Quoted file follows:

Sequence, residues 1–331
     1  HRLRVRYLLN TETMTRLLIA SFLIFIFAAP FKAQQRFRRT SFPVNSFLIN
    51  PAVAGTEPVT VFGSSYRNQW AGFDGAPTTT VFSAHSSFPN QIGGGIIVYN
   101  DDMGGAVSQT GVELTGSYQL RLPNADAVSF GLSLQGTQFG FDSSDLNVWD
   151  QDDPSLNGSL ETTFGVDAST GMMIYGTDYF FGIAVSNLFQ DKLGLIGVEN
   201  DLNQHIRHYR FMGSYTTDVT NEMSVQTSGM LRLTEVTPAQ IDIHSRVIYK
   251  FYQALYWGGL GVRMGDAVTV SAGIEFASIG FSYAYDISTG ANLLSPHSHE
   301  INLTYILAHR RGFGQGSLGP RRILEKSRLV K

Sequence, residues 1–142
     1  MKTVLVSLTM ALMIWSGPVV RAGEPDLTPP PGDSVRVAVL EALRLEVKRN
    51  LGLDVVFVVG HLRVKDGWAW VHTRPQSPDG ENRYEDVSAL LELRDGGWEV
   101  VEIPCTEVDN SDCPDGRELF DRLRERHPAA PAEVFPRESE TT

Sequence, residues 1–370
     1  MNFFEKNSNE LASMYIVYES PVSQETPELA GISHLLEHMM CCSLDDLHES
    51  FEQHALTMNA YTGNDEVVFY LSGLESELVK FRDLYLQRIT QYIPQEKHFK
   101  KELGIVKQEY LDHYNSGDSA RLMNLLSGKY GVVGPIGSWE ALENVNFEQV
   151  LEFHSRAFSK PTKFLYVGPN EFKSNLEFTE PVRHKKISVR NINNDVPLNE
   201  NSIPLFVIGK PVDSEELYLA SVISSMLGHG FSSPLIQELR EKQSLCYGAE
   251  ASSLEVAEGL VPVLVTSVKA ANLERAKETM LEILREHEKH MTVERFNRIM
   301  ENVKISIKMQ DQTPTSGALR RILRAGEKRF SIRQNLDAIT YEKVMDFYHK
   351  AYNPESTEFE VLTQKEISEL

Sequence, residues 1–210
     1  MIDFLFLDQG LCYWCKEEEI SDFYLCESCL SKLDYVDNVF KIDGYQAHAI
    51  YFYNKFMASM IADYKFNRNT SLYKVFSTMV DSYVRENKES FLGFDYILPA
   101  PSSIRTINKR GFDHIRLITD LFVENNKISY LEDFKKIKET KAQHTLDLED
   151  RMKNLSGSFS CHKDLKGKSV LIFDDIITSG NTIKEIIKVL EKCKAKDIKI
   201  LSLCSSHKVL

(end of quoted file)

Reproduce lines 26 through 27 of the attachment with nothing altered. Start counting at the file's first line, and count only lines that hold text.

   151  RMKNLSGSFS CHKDLKGKSV LIFDDIITSG NTIKEIIKVL EKCKAKDIKI
   201  LSLCSSHKVL